Tuesday, July 8, 2008

Guarding the Heart- Part 1


Two roads diverged in a yellow wood
And sorry I could not travel both
And be one traveler, long I stood
And looked down one as far as I could
To where it bent in the undergrowth

Then took the other as just as fair
And having perhaps the better claim
Because it was grassy and wanted wear
Though as for that, the passing there
Had worn them really about the same

And both that morning equally lay
In leaves no step had trodden black
Oh, I kept the first for another day!
Yet, knowing how way leads onto way
I doubted if I should ever come back

I shall be telling this with a sigh
Somewhere ages and ages hence
Two roads diverged in a wood
And I took the one less traveled by
And that has made all the difference

~Robert Frost

Beautiful words that stir the heart. And so applicable to each of us. Especially in the realm of parenting.

There seems to be a point when we come to an inevitable fork in the road. And we must take either the well worn path or the one less traveled.

And we hesitate knowing that just as following a compass that is off but only a few degrees, will result in our ending up in an entirely different location at the end of the journey, we are making a weighty choice here.

It is at this fork in the road that I would like to greatly encourage you, as families in the past have encouraged us.

There is a way less traveled that can bring rich blessing to your family. We have seen beautiful fruit into the teen years and beyond into adulthood in families that have traveled such. And although the path is less traveled, this could make all the difference in your homes as well.


Guarding the hearts of our children is truly a road in itself. It is a way of life that affects a myriad of other decisions.

As Tom and I have studied and discussed this idea of protecting, or guarding, the heart we have found that it appears to be God's desire and design for families- and in fact for all Christians. We find Scripture to encourage this idea.

“Above all else, guard your heart, for it is the wellspring of life.” Proverbs 4:23

and another translation says:

“Watch over your heart with all diligence, For from it {flow} the springs of life.”

God calls us to watch over the heart with ALL diligence. Not just some diligence. Not just a little diligence, but all diligence. Everything else flows from this heart- it is like the head of a spring.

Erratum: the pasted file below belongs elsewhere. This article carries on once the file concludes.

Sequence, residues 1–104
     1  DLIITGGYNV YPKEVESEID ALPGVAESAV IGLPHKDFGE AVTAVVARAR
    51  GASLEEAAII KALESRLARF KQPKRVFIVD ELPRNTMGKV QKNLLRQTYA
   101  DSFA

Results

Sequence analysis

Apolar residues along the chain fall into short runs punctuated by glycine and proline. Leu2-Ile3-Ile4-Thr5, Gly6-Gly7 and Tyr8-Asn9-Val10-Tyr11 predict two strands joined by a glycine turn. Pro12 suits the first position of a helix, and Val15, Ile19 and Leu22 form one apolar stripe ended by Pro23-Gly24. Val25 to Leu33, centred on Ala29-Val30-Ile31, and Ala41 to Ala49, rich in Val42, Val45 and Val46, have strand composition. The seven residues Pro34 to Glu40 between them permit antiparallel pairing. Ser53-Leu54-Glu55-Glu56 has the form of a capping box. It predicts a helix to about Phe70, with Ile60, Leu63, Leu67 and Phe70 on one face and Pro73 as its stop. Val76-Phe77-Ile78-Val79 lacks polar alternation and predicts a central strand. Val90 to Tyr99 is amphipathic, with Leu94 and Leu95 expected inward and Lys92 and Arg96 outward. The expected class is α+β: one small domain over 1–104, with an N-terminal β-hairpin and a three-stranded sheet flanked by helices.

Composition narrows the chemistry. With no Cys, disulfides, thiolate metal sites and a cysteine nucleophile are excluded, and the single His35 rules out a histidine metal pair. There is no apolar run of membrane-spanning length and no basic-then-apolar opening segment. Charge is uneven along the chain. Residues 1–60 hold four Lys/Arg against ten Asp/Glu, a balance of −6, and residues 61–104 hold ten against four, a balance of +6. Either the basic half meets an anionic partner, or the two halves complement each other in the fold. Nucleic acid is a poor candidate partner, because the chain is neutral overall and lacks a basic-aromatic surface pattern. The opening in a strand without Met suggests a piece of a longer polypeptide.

As parents we are heart guards. We must do this job of teaching our children to guard their hearts to prepare them for the world they are going to enter.


I think the temptation for parents is to rely on wisdom that seems to work in other areas. Just as doctors encourage us to inoculate the bodies of our children with a little bit of infectious material in the hope or intent to boost their immunity to a specific disease, we as parents think that we too should work towards “inoculating” the heart.

We think that by introducing negative influences, worldly movies and music etcetera we can inoculate our children and thereby boost their immunity to the world. That by exposure to these things our children will be prevented or hardened in a way from worldly temptations.

But what does God's Word say regarding the meditations that will surely influence the heart?

Philippians 4:8
“Finally, brethren, whatever things are true, whatever things are noble, whatever things are just, whatever things are pure, whatever things are lovely, whatever things are of good report, if there is any virtue and if there is anything praiseworthy--meditate on these things.”

Are the books, movies and music that we are placing before our children meeting this criteria? Or are we allowing negative influences to take root in their thinking?

When discussing the sins of the mind God, knowing the seriousness of the infection, requires amputation, not adaptation:

“And if thy right eye offend thee, pluck it out, and cast it from thee: for it is profitable for thee that one of thy members should perish, and not that thy whole body should be cast into hell. And if thy right hand offend thee, cut it off, and cast it from thee: for it is profitable for thee that one of thy members should perish, and not that thy whole body should be cast into hell.” Matthew 5:30